- Cullman, Alabama


December 13, 2012

City school's Harris helping draft new state ed. grading system

School systems will soon receive A-F report cards

After a decade of trying to decipher Adequate Yearly Progress (AYP) reports, local educators can breathe a sigh of relief — starting in 2014, schools will receive a simple A to F rating to determine how well they are performing.

The State Department of Education is developing a new rating system to measure school achievement across Alabama, and Cullman City Schools Dr. Jan Harris is currently serving on the committee.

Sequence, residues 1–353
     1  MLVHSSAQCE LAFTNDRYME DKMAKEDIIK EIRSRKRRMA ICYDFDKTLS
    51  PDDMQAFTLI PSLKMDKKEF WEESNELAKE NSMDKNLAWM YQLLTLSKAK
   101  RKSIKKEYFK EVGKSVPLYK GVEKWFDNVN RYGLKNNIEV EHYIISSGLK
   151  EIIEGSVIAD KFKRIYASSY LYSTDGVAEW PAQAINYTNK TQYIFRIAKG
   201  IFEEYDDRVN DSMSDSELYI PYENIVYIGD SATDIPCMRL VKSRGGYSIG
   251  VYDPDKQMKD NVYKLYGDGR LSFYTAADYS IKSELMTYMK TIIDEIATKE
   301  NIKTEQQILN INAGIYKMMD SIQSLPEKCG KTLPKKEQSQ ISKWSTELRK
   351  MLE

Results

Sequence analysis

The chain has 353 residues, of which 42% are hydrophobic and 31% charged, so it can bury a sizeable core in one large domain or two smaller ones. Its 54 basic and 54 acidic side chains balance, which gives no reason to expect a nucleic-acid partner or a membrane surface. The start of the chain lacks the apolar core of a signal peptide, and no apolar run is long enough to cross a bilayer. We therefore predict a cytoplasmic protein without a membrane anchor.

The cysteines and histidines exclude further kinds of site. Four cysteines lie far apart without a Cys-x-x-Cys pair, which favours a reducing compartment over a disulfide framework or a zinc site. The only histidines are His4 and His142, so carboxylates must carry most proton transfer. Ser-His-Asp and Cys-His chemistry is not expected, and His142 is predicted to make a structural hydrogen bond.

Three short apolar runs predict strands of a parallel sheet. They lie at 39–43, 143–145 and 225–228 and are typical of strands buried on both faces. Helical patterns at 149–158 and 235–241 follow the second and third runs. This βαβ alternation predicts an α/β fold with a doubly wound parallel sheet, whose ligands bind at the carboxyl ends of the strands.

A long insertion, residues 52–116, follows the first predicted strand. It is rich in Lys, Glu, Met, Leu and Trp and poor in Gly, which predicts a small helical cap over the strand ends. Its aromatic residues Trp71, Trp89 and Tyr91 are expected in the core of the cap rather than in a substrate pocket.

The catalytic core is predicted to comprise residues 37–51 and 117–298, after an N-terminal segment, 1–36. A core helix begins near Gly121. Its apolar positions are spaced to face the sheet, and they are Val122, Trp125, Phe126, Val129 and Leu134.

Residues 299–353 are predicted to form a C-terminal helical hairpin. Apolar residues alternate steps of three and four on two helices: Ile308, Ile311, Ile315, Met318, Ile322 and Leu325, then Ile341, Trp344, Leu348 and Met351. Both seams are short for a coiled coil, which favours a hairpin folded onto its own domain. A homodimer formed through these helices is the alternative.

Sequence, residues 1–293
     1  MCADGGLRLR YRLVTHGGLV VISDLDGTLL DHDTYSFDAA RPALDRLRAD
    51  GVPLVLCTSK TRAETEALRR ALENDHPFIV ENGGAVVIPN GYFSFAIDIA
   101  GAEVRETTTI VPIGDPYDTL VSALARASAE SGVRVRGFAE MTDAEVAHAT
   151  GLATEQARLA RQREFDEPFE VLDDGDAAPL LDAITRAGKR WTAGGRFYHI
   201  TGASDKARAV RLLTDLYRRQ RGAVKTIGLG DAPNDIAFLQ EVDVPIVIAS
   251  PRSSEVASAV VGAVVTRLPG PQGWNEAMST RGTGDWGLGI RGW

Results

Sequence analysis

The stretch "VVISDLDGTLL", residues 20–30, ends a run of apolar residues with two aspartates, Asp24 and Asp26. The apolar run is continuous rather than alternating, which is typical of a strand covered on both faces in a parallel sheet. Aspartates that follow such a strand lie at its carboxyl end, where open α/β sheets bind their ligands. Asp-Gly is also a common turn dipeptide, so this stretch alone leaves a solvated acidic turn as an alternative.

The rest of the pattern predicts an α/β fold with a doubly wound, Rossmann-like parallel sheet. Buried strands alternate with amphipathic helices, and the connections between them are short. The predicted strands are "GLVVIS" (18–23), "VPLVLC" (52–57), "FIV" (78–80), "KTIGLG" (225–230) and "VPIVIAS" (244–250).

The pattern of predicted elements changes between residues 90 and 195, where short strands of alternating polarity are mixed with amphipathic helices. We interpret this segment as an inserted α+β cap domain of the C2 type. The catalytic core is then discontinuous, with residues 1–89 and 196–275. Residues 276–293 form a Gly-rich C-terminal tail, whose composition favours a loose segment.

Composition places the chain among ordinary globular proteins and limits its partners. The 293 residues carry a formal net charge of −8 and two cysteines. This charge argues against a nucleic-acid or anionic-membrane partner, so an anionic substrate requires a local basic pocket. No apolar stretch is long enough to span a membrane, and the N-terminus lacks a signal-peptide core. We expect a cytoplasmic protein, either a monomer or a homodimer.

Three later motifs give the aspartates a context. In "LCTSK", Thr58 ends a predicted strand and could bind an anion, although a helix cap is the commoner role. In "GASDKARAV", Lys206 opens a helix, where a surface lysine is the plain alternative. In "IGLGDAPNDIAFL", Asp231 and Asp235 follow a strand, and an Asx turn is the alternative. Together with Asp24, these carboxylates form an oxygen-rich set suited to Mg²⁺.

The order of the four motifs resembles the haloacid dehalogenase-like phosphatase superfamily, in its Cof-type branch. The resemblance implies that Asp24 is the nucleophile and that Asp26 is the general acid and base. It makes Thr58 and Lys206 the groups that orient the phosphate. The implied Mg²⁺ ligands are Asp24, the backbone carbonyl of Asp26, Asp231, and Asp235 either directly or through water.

The Alabama Legislature passed a law to establish the new measuring stick, which will replace AYP and the federal No Child Left Behind initiative, and appointed 16 educators to a committee to figure out how the new system will work. The state is still waiting for official confirmation that the waiver from NCLB has been approved.

Comprised of school superintendents, board members, principals and teachers, the Accountability Task Force has been asked to create a preliminary plan by Dec. 31.

“Our job is to come up with a format for that information that is easy to understand for citizens, so when they pull that report card they can understand student achievement, local indicators of success and information about teacher effectiveness,” Harris said.

Harris said the plan is for the new grading system to represent the cumulative impression of a variety of factors.